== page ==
WESTWOOD. Sheffield, Yorkshire. c.10th. April, 1862.
The colliery was the property of Messrs Newton, Chambers and Company and was a very large one. On the day of the explosion there were about 200 men and boys in the workings when, at about 8 a.m., a loud report was heard in the extremity of the south side workings. Adjoining the workings there was a large area of goaf where falls of the roof were common. The mine was “fiery” and there was gas in the waste. Even so, the colliers were allowed to use naked lights. It was supposed that a large fall of roof drove out gas into the workings and was ignited at the light of one of the men. Six colliers lost their lives.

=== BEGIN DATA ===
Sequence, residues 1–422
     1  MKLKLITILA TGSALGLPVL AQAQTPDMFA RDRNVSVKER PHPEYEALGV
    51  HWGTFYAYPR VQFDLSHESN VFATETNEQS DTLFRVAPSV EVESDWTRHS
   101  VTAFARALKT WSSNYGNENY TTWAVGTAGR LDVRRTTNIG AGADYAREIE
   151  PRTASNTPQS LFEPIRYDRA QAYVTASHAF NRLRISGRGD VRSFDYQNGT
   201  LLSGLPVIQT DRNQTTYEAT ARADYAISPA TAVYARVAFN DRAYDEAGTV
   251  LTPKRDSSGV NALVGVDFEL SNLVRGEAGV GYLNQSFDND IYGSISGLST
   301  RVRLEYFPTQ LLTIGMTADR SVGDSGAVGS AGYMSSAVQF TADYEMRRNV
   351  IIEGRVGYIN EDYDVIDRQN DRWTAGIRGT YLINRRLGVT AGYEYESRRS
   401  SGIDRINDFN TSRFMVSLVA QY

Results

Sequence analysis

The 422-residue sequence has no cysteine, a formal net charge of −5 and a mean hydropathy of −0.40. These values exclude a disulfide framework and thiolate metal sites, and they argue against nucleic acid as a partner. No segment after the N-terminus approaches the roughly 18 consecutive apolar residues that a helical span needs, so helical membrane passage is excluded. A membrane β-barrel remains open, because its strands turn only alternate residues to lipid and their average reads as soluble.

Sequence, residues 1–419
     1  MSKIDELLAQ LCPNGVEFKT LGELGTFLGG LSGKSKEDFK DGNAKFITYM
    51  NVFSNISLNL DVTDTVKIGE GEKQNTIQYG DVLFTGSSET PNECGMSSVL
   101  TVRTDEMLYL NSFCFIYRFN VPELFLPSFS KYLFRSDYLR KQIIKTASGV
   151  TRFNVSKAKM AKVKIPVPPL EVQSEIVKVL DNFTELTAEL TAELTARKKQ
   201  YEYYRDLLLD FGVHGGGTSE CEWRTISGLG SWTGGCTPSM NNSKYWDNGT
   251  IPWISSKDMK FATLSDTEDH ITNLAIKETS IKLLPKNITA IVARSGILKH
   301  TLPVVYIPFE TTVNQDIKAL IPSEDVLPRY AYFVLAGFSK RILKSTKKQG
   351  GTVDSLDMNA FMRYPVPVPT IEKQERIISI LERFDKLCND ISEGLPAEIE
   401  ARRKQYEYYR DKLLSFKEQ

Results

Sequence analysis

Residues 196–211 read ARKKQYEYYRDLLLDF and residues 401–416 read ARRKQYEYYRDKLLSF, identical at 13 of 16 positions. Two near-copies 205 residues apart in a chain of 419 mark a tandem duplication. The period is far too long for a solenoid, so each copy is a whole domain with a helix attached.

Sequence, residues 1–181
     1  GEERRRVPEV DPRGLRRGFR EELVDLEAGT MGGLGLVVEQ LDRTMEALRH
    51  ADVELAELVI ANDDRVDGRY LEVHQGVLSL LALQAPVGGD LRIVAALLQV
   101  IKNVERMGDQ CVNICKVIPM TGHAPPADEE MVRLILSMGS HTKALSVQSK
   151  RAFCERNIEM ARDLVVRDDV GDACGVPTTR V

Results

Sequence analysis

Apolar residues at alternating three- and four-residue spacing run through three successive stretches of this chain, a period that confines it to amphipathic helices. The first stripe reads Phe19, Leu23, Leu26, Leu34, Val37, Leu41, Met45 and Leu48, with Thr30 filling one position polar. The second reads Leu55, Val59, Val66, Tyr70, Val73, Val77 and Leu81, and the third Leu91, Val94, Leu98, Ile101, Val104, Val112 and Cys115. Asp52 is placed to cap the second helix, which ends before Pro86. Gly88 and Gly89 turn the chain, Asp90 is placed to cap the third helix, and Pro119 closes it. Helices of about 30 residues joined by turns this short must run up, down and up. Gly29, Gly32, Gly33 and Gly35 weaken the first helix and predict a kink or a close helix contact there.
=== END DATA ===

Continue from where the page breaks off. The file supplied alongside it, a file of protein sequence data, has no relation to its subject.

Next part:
- Thomas Clitheroe,
- John Clitheroe, his son,
- William Morton,
- Walter Roger,
- Thomas Laycock, trammer
- A. Hemingway.
At the inquest, the assistant viewer admitted that the men were allowed to take in naked candles but on the morning of the disaster, he examined the workings before the men went in and found that there was gas present. Mr. Morton told the court that the air was so bad at the colliery that an anemometer would not turn. The agent for the colliery, Mr. Edward Beachar admitted that there was no ventilation at the far ends of the workings. The Coroner said that this conduct was disgraceful and recommend that he should be charged.
The jury returned a verdict of “Accidental Death” and expressed the opinion that it was not safe to work the mine with naked lights near the large goaf.
Colliery Guardian, 19th. April, 1862, p.307.
Information supplied by Ian Winstanley and the Coal Mining History Resource Centre.Return to previous page